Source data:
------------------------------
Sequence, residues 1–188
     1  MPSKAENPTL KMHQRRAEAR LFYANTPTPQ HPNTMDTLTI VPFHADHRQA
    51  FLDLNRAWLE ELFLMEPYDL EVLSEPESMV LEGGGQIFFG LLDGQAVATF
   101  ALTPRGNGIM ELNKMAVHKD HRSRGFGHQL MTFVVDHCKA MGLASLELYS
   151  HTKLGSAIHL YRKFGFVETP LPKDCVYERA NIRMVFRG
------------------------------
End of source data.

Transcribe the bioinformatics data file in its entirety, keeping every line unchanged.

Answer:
Sequence, residues 1–188
     1  MPSKAENPTL KMHQRRAEAR LFYANTPTPQ HPNTMDTLTI VPFHADHRQA
    51  FLDLNRAWLE ELFLMEPYDL EVLSEPESMV LEGGGQIFFG LLDGQAVATF
   101  ALTPRGNGIM ELNKMAVHKD HRSRGFGHQL MTFVVDHCKA MGLASLELYS
   151  HTKLGSAIHL YRKFGFVETP LPKDCVYERA NIRMVFRG